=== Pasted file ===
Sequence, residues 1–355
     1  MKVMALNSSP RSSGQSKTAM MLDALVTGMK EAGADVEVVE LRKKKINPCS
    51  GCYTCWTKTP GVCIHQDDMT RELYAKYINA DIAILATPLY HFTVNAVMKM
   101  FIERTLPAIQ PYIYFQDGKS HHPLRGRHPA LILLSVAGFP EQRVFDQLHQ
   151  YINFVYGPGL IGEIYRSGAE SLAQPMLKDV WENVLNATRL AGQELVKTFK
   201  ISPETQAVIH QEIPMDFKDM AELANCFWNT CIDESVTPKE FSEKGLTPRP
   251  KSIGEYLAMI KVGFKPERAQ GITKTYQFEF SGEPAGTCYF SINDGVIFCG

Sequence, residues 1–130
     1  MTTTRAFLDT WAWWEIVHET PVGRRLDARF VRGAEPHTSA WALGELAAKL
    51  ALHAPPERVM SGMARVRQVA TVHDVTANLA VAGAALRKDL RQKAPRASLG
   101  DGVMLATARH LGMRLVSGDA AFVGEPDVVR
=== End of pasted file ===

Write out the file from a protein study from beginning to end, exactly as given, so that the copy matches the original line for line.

Sequence, residues 1–355
     1  MKVMALNSSP RSSGQSKTAM MLDALVTGMK EAGADVEVVE LRKKKINPCS
    51  GCYTCWTKTP GVCIHQDDMT RELYAKYINA DIAILATPLY HFTVNAVMKM
   101  FIERTLPAIQ PYIYFQDGKS HHPLRGRHPA LILLSVAGFP EQRVFDQLHQ
   151  YINFVYGPGL IGEIYRSGAE SLAQPMLKDV WENVLNATRL AGQELVKTFK
   201  ISPETQAVIH QEIPMDFKDM AELANCFWNT CIDESVTPKE FSEKGLTPRP
   251  KSIGEYLAMI KVGFKPERAQ GITKTYQFEF SGEPAGTCYF SINDGVIFCG

Sequence, residues 1–130
     1  MTTTRAFLDT WAWWEIVHET PVGRRLDARF VRGAEPHTSA WALGELAAKL
    51  ALHAPPERVM SGMARVRQVA TVHDVTANLA VAGAALRKDL RQKAPRASLG
   101  DGVMLATARH LGMRLVSGDA AFVGEPDVVR